The LA based designer’s box and triptych are inspired by the Pandora’s box legend (in which Pandora, the first woman, is overcome by curiosity and opens a box unleashing evil into the world) and fuses Greek mythology with Japanese tradition. Speaking at Luxe Pack New York, Nishinaka told SPC: “I re-familiarised myself with the Pandora’s box story. When I started researching, I found there actually wasn’t much existing art based on the story. So I just let my imagination run away with me!”
Both the triptych and the creature in the box, which represents all the evil escaping from the underworld, are made using Iggesund paperboard. “The paper I normally use is a little different structurally,” said Nishinaka. “But I chose the Invercote Creato product – it’s got a real soft silky texture – and I started experimenting with that, and it worked well. I really enjoyed working with it.”
In a break from the norm, the new black box is not actually black, but red, which stands for womankind in Japan. “I use red in a lot of my work – it’s the colour of power, passion, energy. It’s very impactful. So it just made sense to use red,” Nishinaka explained.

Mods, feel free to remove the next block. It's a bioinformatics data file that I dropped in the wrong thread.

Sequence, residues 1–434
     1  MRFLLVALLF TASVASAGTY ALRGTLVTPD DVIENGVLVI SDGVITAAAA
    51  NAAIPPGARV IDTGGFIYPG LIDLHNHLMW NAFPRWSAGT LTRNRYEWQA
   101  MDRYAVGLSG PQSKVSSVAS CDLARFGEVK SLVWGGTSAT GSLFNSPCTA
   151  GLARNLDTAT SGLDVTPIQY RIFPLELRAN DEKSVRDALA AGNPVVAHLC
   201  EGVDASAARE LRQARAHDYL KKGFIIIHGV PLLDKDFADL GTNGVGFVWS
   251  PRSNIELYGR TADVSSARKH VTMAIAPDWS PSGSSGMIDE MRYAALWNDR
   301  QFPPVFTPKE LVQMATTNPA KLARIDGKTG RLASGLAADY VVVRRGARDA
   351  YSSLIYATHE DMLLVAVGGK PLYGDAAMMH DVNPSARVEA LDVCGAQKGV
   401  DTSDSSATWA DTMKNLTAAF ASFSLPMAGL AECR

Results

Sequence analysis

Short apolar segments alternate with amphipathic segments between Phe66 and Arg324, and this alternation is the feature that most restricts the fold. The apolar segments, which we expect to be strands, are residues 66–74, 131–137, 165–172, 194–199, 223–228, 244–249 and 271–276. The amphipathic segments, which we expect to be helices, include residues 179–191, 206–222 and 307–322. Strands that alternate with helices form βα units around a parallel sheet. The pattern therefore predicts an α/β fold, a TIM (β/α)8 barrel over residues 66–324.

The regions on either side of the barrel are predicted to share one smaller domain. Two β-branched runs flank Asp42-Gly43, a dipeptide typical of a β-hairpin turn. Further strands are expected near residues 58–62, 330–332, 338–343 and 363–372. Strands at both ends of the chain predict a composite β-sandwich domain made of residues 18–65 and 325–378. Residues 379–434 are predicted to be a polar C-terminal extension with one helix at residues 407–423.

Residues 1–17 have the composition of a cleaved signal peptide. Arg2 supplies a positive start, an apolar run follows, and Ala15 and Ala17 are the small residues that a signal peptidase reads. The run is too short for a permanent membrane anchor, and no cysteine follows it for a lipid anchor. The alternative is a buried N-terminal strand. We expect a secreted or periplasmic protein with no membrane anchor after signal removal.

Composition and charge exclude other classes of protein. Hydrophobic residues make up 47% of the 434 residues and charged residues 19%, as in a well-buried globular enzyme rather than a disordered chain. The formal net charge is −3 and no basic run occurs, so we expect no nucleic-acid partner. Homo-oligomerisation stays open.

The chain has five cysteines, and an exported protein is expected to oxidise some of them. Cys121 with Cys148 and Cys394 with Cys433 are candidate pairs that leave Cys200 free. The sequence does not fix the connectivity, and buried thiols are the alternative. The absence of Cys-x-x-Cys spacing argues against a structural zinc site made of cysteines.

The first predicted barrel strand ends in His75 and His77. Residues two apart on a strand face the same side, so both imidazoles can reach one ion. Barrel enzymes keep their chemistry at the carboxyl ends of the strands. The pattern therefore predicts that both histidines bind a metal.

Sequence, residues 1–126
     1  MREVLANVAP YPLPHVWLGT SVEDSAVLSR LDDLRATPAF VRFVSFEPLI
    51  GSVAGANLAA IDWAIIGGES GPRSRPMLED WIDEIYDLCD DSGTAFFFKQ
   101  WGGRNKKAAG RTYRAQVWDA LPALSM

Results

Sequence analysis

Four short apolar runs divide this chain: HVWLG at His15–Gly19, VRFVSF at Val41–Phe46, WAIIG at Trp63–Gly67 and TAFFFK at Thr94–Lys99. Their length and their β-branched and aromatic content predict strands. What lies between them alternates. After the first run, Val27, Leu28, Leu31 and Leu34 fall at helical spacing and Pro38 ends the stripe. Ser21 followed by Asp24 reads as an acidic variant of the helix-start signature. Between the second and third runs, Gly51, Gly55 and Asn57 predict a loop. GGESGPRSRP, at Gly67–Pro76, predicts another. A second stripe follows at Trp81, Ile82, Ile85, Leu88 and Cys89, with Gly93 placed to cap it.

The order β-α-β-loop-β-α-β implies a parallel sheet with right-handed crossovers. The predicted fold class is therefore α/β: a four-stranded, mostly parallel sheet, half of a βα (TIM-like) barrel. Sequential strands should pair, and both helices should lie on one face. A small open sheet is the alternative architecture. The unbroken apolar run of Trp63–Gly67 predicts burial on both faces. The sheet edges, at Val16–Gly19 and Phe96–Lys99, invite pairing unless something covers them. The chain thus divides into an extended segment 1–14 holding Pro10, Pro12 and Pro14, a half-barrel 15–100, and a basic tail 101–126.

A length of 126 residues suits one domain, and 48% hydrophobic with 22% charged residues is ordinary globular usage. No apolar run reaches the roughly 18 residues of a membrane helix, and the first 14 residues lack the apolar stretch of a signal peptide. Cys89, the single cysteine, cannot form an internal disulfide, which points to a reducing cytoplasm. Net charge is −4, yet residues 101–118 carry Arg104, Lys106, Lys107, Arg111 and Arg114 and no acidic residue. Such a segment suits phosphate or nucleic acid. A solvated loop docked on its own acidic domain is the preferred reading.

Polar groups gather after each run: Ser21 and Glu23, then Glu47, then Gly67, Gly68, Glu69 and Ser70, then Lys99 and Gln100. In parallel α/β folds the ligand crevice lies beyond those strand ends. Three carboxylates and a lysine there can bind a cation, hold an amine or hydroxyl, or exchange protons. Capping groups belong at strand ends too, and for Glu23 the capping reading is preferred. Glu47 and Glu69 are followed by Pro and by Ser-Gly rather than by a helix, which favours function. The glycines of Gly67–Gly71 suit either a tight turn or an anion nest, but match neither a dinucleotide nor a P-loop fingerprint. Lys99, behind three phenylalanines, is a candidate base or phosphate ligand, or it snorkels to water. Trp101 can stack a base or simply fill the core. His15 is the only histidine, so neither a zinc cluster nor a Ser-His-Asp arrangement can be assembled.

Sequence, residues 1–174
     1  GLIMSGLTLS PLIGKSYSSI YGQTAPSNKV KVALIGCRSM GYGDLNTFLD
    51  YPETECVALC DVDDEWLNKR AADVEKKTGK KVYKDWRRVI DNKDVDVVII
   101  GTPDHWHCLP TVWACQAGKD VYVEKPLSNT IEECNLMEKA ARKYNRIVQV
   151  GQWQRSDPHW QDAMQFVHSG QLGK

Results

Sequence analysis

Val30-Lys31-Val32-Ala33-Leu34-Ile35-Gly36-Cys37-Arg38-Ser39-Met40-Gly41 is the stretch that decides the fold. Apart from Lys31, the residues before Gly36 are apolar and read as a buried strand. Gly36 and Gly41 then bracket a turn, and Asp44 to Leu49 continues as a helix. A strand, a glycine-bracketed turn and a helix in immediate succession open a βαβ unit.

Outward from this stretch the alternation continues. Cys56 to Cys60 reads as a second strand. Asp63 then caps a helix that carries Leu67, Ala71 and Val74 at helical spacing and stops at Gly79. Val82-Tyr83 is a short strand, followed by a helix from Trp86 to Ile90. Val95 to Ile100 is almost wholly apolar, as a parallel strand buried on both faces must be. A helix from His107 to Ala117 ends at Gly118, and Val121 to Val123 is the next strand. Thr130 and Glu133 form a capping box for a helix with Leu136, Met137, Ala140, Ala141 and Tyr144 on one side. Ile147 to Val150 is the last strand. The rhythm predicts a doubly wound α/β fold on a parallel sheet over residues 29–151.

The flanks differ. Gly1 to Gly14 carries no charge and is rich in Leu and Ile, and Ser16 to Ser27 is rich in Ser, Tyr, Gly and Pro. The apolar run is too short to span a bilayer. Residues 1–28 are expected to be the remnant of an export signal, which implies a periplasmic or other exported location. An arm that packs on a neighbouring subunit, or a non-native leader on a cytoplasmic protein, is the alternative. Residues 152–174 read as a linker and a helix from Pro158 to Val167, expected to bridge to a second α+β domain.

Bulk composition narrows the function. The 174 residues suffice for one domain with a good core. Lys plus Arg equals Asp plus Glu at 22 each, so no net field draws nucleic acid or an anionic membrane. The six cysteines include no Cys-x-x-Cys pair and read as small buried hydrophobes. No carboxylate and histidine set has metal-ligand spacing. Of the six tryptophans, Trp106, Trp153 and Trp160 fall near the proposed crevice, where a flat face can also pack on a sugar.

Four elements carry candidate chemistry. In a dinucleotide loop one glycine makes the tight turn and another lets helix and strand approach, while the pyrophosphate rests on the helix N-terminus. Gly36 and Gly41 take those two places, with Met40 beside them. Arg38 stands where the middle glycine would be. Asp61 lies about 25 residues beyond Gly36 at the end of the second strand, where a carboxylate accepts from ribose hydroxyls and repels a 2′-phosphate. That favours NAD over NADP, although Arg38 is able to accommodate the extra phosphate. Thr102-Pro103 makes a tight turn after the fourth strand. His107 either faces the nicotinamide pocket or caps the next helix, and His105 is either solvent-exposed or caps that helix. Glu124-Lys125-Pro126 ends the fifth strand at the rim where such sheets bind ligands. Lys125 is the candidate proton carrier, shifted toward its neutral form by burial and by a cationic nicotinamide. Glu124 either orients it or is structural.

“We’re looking for creative minds who really push the limits of what can be done with Invercote,” commented Carlo Einarsson, director of market communications at Iggesund Paperboard. “In a world where the choice of materials for a design project is unfortunately often a matter of habit, it’s important for us to showcase the extra possibilities Invercote offers designers to fully realise their creative ambitions.”
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